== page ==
Friday, October 31, 2014
Search
  
Wednesday, August 31, 2005
 LG Develops TV Phone for European 3G Standard
You are sending an email that contains the article
and a private message for your recipient(s).
Your Name:
Your e-mail: * Required!
Recipient (e-mail): *
Subject: *
Introductory Message:
HTML/Text
(Photo: Yes/No)
(At the moment, only Text is allowed...)
 
Message Text: LG Electronics, the world's fourth-largest mobile handset maker, said Wednesday it has developed a new mobile phone that allows users to watch terrestrial digital media broadcasting (T-DMB) while on the move.

The new device, compatible with Europe's third-generation (3G) mobile standard, is aimed at cracking into the continent's potentially lucrative mobile television market, currently dominated by technology known as digital video broadcast for handheld (DVB-H) that was developed by the world's biggest handset maker Nokia, the Korean company said in a statement.

"With the development of a W-CDMA phone for mobile TV services, we have a chance to lead in the early European mobile phone TV market," LG said.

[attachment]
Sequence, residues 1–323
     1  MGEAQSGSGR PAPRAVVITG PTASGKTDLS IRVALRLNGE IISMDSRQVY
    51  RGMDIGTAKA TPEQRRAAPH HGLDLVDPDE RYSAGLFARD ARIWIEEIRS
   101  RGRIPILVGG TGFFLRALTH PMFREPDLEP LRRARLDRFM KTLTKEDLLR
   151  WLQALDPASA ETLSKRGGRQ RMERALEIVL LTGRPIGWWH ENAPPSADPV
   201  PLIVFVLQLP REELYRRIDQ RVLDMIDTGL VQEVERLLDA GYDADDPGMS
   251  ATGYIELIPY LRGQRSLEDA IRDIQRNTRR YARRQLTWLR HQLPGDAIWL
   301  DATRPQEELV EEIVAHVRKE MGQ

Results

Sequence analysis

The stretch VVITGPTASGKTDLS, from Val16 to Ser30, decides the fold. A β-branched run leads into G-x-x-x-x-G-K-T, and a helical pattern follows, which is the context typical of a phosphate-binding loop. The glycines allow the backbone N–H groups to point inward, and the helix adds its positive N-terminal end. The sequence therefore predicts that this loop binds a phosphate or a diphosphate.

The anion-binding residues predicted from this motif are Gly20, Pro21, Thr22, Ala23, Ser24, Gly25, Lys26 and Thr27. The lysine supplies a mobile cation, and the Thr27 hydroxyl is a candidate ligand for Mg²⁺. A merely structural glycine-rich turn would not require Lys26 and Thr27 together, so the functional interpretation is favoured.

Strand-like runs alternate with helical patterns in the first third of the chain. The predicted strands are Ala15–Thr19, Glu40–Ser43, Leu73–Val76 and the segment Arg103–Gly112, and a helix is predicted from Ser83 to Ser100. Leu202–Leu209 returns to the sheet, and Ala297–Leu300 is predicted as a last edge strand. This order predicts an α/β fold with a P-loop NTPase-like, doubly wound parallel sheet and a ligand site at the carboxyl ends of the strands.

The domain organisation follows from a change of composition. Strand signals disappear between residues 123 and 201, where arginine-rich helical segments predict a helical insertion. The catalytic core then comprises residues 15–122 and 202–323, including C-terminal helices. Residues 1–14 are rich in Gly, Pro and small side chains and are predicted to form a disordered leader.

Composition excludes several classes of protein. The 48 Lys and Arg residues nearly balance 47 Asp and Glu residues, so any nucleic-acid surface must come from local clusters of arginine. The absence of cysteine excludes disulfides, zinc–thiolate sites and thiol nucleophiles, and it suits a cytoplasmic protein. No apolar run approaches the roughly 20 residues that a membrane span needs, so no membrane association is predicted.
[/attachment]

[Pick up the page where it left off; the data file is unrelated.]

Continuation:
LG claims an industry first in developing the W-CDMA phone that incorporates the so-called T-DMB technology.

T-DMB technology was initiated by the South Korean government to enable broadcasters to broadcast digital TV programming to phones via conventional terrestrial transmitters.

LG plans to introduce the new phone in the European market next year in the wake of the 2006 World Cup finals in Germany.

Live TV services on mobile phones are still in their infancy in most parts of the world.

Big-name telecommunication companies are now scrambling to take the lead in the potentially lucrative market.

U.S. wireless chipmaker Qualcomm Inc. is pushing its own mobile TV standard called MediaFlo.

And South Korea's SK Telecom Co., along with Japan's Toshiba Corp., launched the world's first satellite-based mobile TV service in May.

However, SK Telecom's satellite TV venture has yet to win much attention from customers here, mainly because of a lack of available handsets, high costs and narrow network coverage.
 
Home | News | All News | Reviews | Articles | Guides | Download | Expert Area | Forum | Site Info
Site best viewed at 1024x768+ - CDRINFO.COM 1998-2014 - All rights reserved -
Privacy policy - Contact Us .